during my waiting time for the engine I’m trying to prepare as many other small stuffs as possible and started to check all the bits for the Cowey speedo. There is almost complete drive (just have to produce the holder), Bowden has a bit fluid rubber and falling apart, but almost everything is there. I was just checking the cog wheels of the drive. Usually those speedos has much bigger wheels, I have 18 teeth small and 48 big one. Front wheel is 3×20″. Is here someone who has experience with some similar equipment? Speedo is 80 mph Cowey, marked 307 on the body (all on the pictures). I have some other 50 teeth big cog wheel, it’s from another set, so there is something to experiment if this one shows completely wrong… anyway, would be great to hear some other experience if someone has similar equipment?
Thanks, best regards,
I have the same speedometer that I intend to fit to my TT Rep.
The gears are 55 (ring) and 18 (drive).
However, as I have yet to fit it, I don’t know what size wheel it was originally for.
I would also like to obtain the clips that hold the ring gear to the wheel – does anyone know where to obtain them?
Also, does anyone have details of the drive retaining bracket and where it is actually fixed?
I also have one of those old Coveys and the information I have is a copy of an article in the VMCC magazine years ago.
Stated in that article is: The number of teeth in the driving wheel can always be found by multiplying the distance in inches from the ground to the centre of the wheel by four and adding one to that number.
The author, Ken Shepard, had quoted from Covey’s own instructions.
I hope that this can be of some help for you.
Hi Chris and Leif,
ok, sounds perfect, so I just go to take my calculator. Hope I didn’t forget the math since the school, it’s already some time.
I created some autocad drawings to make both, drive brackets and the drive wheel holder. Standard holder of the cowey is for a bit smaller hubs, so I had to create “in between” wheel attached to the sprockets holes and into the outside ring threads to attach the cog wheel it self. Same with the drive bracket. I made it in two parts and will drill exactly by the dimension on the bike. If you are not in a hurry, I will make the pictures when I will finish the work and I could send you my drawings, you will see if you like it and if you use it as it is or if you need longer bracket.
Thanks, best regards,
Well, according to Lief’s calculations, the ring on my bike should have 49 teeth (the measurement from floor to c/l of wheel is exactly 12″).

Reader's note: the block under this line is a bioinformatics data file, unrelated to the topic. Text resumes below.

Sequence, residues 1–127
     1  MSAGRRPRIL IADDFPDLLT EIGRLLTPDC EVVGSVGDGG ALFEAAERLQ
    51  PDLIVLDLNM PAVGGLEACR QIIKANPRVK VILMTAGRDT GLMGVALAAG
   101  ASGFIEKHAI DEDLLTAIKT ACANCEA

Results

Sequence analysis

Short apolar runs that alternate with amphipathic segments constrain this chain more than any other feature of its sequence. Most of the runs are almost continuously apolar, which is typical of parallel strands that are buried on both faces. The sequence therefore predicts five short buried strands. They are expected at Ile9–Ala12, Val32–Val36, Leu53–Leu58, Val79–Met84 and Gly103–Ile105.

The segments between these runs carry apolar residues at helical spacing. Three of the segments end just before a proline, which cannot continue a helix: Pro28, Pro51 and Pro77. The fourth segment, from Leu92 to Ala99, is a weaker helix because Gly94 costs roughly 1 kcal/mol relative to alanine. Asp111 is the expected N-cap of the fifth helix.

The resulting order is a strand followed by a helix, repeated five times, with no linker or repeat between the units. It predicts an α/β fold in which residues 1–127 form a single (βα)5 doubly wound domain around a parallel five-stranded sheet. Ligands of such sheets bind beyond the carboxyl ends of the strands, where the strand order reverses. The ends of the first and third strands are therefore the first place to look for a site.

Does the article state that the standard Cowie drive is 18 teeth?
Yes 18 teeth could be considered as standard. To quote this article again:
“For all standard needs, the driven wheel has 18 theeth, whether 10 pitch or 12 pitch.”
Note that there exists two pitches of theeth, of which 12 pitch has a smaller diameter. (No dimensions stated.)
They are obviously not comparable with each other.
I think that 49 theet sounds right for 12″ centre height.
I once had my Cowey serviced by an expert (of the old kind, that really where experts), he told me that they could be “fine tuned” to show exact speed. Sadly he passed away years ago, and I know nobody that can service them nowadays.
Again stating the article: “If the head works, leave it alone because the chances are that it won’t ever work again if you interfere with it. In my unfortunate experience, even professionals have got into a dreadful mess with Cowey heads.”
Good luck with your speedos!
Thanks for the info Lief.
So, now I have to swap my 55 tooth ring for a 49 tooth ring.
Does anyone know where these things can be purchased?
Well, this seems to be point. By my counting I should have 53 teeth, so I have to change mine as well. In my stock is 48 and 50 only. I will need 49 teeth in the future for my little 1923 Velocette two stroker, but in this case I should be almost Ok with one of those two. Any info about someone producing drive wheels welcome.
Thanks, best regards,
I don’t think that some cog more or less will make any great difference. One thooth will change the drive ratio about 2%.
To put that into perspective modern speedometers are allowed a difference of showing 0% to little (to avoid speeding tickets!) to a whooping 7% too much!
Also take in account that the speedo head is old and might not show exactly right figures, and that that the wheel circumference changes when the tyre wears.
If you have a combination that’s nearly right, at hand, I would advise you to try it before going into a lengthy search for another sprocket.
The police have to have accurate speedos, but for the rest of us, near enough really is good enough.
Personally, as long as the needle actually moves when riding…… 😀